I know.  This one is hard!

We don’t want our child to ignore his name because he thinks only bad things happen when his name is called.

“Miles, stop jumping.”

“Riley, time for diaper change.”

“Tyler, turn off your iPAD.”

Instead, use his name during play and other fun activities.

“You’re swinging high, Miles.”

“Riley, you have a big dinosaur.”

“Tyler, I see a cat on your iPAD.”


7. Attach their name to getting their favorite thing


Does your daughter love bubbles more than anything?

Would your son eat fruit snacks all day long?

Could your child swing for an hour?

GREAT!  Gather several of those super awesome things (edibles and activities you don’t have to take away work best).

Remember, reduce distractions and be in front!

Once your child is looking away from you, call their name clearly.

As soon as he looks towards you, give him the favorite thing and say something like “You looked at me!  Awesome!”

We want to pair the reward with some social praise.  You can hug, squeeze, tickle, or just use a phrase like “You looked at me!  You’re so great!”

Wait for your child to look away again and repeat the process.

Repeat it several times or until your child starts to get antsy.

End on a positive note and do it again later that day or tomorrow.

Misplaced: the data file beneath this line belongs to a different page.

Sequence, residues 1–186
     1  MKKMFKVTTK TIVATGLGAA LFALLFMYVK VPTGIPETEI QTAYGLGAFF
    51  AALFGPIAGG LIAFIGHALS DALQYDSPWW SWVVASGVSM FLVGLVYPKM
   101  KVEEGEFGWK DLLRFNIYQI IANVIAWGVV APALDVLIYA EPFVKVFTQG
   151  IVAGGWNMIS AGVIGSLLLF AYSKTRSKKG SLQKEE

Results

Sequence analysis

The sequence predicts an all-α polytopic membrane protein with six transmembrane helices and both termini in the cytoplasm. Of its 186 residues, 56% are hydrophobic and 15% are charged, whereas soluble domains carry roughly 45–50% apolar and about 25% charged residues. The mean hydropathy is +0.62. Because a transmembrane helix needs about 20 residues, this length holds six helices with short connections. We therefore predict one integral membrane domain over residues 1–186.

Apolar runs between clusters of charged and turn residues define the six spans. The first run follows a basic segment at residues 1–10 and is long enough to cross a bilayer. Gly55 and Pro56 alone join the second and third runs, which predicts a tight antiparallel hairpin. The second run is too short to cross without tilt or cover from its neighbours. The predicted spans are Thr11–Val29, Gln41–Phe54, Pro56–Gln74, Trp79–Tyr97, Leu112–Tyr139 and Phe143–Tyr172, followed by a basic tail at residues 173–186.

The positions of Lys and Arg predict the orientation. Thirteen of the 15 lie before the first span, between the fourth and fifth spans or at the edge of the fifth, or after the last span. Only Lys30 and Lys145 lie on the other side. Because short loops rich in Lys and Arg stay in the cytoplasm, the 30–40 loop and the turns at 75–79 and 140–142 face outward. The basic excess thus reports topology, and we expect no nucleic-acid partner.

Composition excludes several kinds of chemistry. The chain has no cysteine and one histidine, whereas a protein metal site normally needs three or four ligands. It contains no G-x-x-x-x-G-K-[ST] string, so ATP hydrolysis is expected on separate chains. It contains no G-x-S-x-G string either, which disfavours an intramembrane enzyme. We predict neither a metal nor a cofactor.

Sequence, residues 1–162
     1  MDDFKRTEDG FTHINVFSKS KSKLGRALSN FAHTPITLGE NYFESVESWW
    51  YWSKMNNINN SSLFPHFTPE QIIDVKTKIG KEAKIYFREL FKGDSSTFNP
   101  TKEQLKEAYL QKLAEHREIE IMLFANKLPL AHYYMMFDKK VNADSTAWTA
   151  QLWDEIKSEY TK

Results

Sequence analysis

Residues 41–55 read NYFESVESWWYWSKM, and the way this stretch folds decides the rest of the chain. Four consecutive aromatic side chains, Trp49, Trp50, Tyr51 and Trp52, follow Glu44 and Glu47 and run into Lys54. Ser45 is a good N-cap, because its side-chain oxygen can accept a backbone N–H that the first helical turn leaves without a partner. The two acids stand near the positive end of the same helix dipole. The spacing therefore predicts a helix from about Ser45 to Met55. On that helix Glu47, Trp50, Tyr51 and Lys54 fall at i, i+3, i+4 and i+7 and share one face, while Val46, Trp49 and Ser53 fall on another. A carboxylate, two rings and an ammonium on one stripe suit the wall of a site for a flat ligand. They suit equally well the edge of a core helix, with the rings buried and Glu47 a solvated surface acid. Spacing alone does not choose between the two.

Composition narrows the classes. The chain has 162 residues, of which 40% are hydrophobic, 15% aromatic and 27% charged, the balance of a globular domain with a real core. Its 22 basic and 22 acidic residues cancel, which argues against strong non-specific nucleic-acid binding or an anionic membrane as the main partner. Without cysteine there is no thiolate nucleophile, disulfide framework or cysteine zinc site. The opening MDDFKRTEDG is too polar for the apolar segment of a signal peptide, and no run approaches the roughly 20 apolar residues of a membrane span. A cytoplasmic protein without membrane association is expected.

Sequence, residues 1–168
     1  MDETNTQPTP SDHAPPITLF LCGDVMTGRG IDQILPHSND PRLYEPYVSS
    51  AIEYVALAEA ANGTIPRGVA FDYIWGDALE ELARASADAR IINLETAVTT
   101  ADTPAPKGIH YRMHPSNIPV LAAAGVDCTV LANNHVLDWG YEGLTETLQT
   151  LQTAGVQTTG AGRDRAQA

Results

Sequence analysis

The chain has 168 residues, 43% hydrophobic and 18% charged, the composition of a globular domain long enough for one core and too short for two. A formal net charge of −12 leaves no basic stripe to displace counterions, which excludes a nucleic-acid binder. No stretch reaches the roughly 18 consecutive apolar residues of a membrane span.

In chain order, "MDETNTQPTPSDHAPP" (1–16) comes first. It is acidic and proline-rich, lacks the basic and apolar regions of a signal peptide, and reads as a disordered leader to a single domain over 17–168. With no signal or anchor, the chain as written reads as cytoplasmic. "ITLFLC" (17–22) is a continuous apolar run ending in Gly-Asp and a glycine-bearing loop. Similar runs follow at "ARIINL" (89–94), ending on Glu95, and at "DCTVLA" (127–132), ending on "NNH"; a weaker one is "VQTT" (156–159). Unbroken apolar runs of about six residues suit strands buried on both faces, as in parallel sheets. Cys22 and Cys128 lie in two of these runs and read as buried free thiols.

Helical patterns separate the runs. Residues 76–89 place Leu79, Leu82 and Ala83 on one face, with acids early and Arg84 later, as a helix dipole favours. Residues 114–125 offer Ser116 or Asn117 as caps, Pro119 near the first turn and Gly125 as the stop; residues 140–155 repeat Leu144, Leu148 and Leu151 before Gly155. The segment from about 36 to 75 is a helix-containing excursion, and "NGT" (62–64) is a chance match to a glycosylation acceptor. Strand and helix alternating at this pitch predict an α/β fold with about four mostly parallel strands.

Keep those favorite items only available during teaching!!  We want them to stay super awesome and special to our kids!


You Can Teach Your Child to Respond to Their Name


When our child is not responding to their name, they are missing out on a lot of learning opportunities.


They are also missing out on social interactions.


They are not responding to cues that will keep them safe.


But when you follow the strategies listed above, you can improve your child’s ability to respond to their name.


When we decrease the demands attached to their name and become a fun play partner, we can teach our child that when they respond good things happen!


Which of these strategies worked for you?  Did something else you tried have great success?


Send me a message and let me know!


And sign up for the weekly newsletter for additional information and strategies!